‘I’ve never been so glad to get off the golf course’: Wind blows away pros
Tyrrell Hatton hit his second shot on the 12th at Yas Links, and the ball had barely reached its apex when he knew the sin he had committed.
“Ahhhh, back off it,” he scolded himself.
Hatton, who can make a putting green blush when running hot, then let the perpetrator know his feelings.
“F***ing gusts! F**k you!”
Two weeks ago, Cameron Smith won the PGA Tour’s Tournament of Champions with a whopping 34-under total, which was one better than Jon Rahm’s whopping 33-under total. Last week, Hideki Matsuyama went 63, 63 on the weekend to win the Tour’s Sony Open. And all of a sudden, there were whispers that golf was no longer a sport that would require you to go to a website for tips.
Golf, at least in Abu Dhabi, heard.
And it turned on the fans.
There are windy days. And there are swearing-into-the-wind windy days. During Friday’s second round of the Abu Dhabi HSBC Championship, the season opener on the formerly named European Tour, the leader opened with a double bogey on his way to a 74, every hole except for two par-5s played harder than the day before, and major winners shot over multiple strokes par. On and on. All thanks to wind gusts of up to 30 mph.
“I’ve never been so glad to get off the golf course,” Rory McIlroy was heard saying as he walked off the 18th green, his three-over 75 likely putting him just inside the tournament cutline. (A number of players were still on the course when play was suspended due to darkness.)
With that, let’s unpack it all. Hold onto your hats.
What were the scores like?
Not every player was blown away. Jeff Winther shot a three-under 69. Sam Horsfield was two-under through 14. Seven players shot one-under or were at the number and still on the course. But that was it. Only nine players broke par 72. Out of the 131 who finished the day. (One player withdrew.)
Hatton and Bernd Wiesberger shot 77s. Tommy Fleetwood a 76. Lee Westwood and Viktor Hovland fired 74s. All were members of last September’s European Ryder Cup team. Robert MacIntyre, one of the players who just missed a spot on the squad, shot an 80. Collin Morikawa, one of the members of the winning U.S. side, signed for a 74.
At the top of the leaderboard was Scott Jamieson, who followed a Thursday 63 with a Friday 74. At the other end was Ahmed Al Musharrekh, whose second-round scorecard, through 13 holes, reads like this: double, double, par, double, par, double, bogey, par (for a front-nine 46), double, bogey, bogey and bogey.
What were they saying?
But the scores can say only so much. Afterward, wind was the word, and the comments were revealing.
Shane Lowry, an Irishman who’s no stranger to such conditions, was asked if it was true that Friday would be “a day Shane Lowry is going to love.” He had shot a 72.
“I don’t love it,” he said. “I’d prefer it was calm, but I know how to play in those conditions. Yeah, I knew going out this morning that it would be up. I knew that go out and just play my game and do my thing. Because it’s in the wind, I think about it a lot less, and I just hit the shots and I just hit the shots I see. That’s what makes me so good in the wind, I think. I just kind of play with a lot of feel. Yeah, it worked. I was decent today, and hopefully it’s not going to be as windy on the weekend, but it will still be blustery. Yeah, we’ll see.”
Jamieson was asked if it was “a battle.”
“Yeah, it certainly wasn’t easy,” he said. “You know, we knew the forecast, but when you’re in your hotel room in the morning and the locker room, clear day, and before you play, it’s a little easier, but then you experience it and get out there, yeah, it’s so tricky, obviously hitting shots is tricky with all the gusts, but the hardest thing is putting. You get over the ball and you feel like you’ve got to be so tense to stop everything moving, but that’s the worst thing you can do when you’re trying to putt.”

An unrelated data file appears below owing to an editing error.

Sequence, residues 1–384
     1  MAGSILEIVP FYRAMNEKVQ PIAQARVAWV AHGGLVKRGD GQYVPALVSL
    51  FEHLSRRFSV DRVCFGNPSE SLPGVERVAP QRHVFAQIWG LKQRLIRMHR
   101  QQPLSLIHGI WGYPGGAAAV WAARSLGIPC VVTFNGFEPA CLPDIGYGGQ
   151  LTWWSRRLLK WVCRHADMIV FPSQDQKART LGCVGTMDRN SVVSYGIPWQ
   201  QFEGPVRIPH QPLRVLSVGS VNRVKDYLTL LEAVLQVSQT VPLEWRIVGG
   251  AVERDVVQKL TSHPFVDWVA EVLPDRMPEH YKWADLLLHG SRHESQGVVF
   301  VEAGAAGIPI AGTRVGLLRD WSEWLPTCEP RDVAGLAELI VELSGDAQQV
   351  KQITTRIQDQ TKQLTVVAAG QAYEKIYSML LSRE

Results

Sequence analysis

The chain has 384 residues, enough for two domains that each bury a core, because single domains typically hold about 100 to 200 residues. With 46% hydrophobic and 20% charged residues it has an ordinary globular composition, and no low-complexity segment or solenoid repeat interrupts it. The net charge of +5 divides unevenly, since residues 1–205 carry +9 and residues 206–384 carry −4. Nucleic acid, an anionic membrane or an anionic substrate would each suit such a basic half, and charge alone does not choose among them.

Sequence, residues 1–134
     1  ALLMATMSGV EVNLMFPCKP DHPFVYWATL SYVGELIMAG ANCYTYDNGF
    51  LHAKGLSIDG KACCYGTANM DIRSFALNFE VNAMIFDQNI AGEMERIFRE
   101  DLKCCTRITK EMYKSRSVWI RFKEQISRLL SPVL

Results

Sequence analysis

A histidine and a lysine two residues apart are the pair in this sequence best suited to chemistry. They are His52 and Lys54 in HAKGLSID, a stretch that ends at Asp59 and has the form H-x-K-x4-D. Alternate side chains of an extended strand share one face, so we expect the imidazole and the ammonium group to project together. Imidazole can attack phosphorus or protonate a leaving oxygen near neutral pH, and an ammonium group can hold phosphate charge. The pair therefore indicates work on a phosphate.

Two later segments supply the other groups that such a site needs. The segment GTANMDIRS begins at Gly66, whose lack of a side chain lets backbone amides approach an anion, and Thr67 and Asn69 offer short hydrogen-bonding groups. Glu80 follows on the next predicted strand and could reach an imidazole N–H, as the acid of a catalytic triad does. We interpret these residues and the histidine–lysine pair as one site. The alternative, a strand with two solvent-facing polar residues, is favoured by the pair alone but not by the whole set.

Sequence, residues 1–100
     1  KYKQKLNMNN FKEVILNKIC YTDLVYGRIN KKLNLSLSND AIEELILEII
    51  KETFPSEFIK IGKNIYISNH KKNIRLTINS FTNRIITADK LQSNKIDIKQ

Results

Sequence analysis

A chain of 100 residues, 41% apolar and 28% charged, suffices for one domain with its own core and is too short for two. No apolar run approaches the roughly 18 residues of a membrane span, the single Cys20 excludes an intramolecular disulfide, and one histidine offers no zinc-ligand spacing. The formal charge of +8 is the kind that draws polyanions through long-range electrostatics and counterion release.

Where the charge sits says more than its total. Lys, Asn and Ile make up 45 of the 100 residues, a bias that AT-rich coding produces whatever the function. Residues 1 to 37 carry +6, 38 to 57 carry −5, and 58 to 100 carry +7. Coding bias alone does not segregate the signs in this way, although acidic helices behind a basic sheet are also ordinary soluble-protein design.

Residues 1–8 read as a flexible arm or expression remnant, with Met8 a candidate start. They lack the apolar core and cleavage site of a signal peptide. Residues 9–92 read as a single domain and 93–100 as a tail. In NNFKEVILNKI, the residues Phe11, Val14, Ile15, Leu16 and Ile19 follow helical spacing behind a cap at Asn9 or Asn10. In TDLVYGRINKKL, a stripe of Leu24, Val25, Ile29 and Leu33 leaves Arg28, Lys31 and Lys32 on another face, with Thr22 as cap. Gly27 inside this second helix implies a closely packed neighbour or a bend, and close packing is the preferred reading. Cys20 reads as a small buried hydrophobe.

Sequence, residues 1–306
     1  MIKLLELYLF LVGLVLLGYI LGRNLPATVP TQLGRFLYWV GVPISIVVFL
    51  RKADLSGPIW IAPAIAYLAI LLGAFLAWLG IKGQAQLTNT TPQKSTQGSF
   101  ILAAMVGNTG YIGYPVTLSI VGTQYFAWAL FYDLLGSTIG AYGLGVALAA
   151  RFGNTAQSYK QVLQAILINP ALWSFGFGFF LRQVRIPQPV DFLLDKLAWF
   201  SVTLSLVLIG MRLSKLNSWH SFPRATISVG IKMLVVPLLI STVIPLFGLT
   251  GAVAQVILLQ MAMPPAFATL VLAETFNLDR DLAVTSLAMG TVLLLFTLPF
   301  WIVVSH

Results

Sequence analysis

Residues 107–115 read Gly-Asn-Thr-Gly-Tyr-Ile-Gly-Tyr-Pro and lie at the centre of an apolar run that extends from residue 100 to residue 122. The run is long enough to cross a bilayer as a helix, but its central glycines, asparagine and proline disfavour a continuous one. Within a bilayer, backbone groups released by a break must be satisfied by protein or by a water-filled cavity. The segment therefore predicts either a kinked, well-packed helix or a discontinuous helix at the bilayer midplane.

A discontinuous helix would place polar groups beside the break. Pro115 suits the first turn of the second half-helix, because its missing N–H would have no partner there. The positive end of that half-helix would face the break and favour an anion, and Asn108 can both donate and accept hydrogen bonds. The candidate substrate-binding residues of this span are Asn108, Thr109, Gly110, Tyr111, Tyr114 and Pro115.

Ian Poulter, who shot a 72, was asked: “Are these conditions to relish, or just battle?”
“Both,” he said. “Early in the season, you haven’t hit those shots for quite some time, and you’re fighting the wind and trying to draw the golf ball. It’s really tricky. So you know, a poor shot with the wrong wind gets really punished. I really only hit one or two of those, but I didn’t really get punished.
“I got to the last hole today and had a 25-foot birdie putt, and when you’ve birdied 1 and 2, it takes you all the way around to 18, it’s like, it’s been a while before you have another good look at making birdie. But that was tough. That was tricky. That was dicey hitting some of those shots into the pins right on the edge of the water. In some respects, you enjoy it, and in some respects, it’s actually kind of miserable.”
And McIlroy was asked “how well” he was playing.
“I had absolutely no idea.”
How do you play into the wind?
Still, it’s not as if Friday was the first round with a breeze, and Lowry also dished on how to hit when it’s slapping you in the face.
“I think you just need to make sure you’re probably taking a little bit off your swing speed,” he said. “I nudge the ball back a little bit in my stance. I tee it up the same height with my driver, but I just really feel like I’m trying to trap it and trying to hit down on it with less speed because if you hit down on it with too much speed, it will just spin up. You try to hit a few nice drives, low draws there today, and it was pretty good. I just aimed it right and back in my stance a little bit and just kind of sort of 85 percent swing and swing through.”
What did it look like?
Need a look for yourself? If you did not watch it live, the European Tour also shared a few videos.
And below that is a reader-captured shot of Hatton on the 12th, though if you like your golf only PG, please hit the mute button.